Last year, he ran for president of Ghana. This year, Papa Kwesi Nduom says he's the man to save Chicago's last remaining black-owned bank.
"You don't know what Mr. Chase looks like, but now you know Mr. Nduom," the charming businessman has been telling South Siders since his recent purchase of Illinois Service Federal Bank — one of just 18 black-owned banks in the nation, down from over 40 a decade ago, according to the Federal Deposit Insurance Corp.
Nduom, who grew up in Milwaukee but was for years a member of parliament and a government minister in Ghana, says that at the age of 64, public office is now behind him and that he has no political ambitions in the U.S.
Still, he showed a politician's savvy this week when he hosted a group of prominent pastors at a Black History Month lunch Thursday, casting the future of his bank as a spiritual battle for the economic health of Chicago's African-American community. Nduom alluded to the history of redlining and other discriminatory lending practices by white-owned downtown banks but also had the group howling at his reminiscences of the hold on his imagination that Chicago had when he was a young man as the home of Jet magazine and its glamorous centerfolds.
Founded in 1934 by 13 black businessmen — including Robert Taylor, grandfather of President Barack Obama's adviser and "first friend" Valerie Jarrett — who were troubled that African-Americans could not get credit. ISF Bank has branches in Chatham and Bronzeville and survived the rapid consolidation of U.S. banking and the 2008 financial crisis that hit black banks particularly hard because of its "deep community ties and conservative approach," Nduom said.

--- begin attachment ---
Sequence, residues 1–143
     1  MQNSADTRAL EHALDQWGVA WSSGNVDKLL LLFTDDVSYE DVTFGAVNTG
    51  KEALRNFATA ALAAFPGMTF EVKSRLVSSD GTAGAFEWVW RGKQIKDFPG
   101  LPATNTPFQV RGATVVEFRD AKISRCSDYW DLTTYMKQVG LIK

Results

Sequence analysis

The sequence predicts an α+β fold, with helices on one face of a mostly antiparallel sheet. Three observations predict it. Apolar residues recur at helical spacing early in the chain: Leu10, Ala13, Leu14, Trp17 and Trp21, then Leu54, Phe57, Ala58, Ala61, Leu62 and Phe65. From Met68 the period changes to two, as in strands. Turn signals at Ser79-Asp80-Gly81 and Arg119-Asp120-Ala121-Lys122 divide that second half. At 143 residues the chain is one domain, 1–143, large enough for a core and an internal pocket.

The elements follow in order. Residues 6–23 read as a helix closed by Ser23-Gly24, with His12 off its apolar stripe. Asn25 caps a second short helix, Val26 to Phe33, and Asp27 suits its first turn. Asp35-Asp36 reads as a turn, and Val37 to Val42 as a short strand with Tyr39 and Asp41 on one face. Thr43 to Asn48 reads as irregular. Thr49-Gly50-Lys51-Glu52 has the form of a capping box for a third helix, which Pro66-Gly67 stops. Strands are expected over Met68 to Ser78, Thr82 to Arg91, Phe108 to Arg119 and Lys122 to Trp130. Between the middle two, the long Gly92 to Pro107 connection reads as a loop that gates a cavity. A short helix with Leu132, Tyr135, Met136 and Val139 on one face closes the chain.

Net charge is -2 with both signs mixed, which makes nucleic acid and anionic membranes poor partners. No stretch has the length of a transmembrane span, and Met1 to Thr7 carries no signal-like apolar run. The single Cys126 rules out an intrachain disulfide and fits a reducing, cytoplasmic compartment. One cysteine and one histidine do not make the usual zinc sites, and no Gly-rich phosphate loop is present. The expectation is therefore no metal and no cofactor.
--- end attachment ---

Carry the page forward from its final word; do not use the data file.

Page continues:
Nduom owns banks in several West African countries, including Ghana, Liberia and the Ivory Coast, and he said that he will succeed because "I've gone into places where other people were afraid to operate and shown it can be done." He said he aims to grow the bank from its current $115 million in assets to above $1 billion in the next three to five years.
"When I told people I was running a bank on Chicago's South Side, people said to me, 'Why?!'" he said, to laughter. "I told them, 'There are people who live there, and they have needs.'"
Mayor Rahm Emanuel, who made $18 million during his own highly lucrative but short-lived career in banking and served on the board of Freddie Mac, was invited to attend the lunch but could not make it, leaving Cook County Commissioner Richard Boykin as the highest-ranking elected official present.
In a fiery speech supporting the bank, Boykin linked generations of economic deprivation and limited access to credit to the violence that is claiming so many lives in Chicago's black communities and quoted Frederick Douglass: "It is easier to raise strong children than it is to repair broken men."
Boykin added, pointedly, "There are no poor white neighborhoods in the city of Chicago."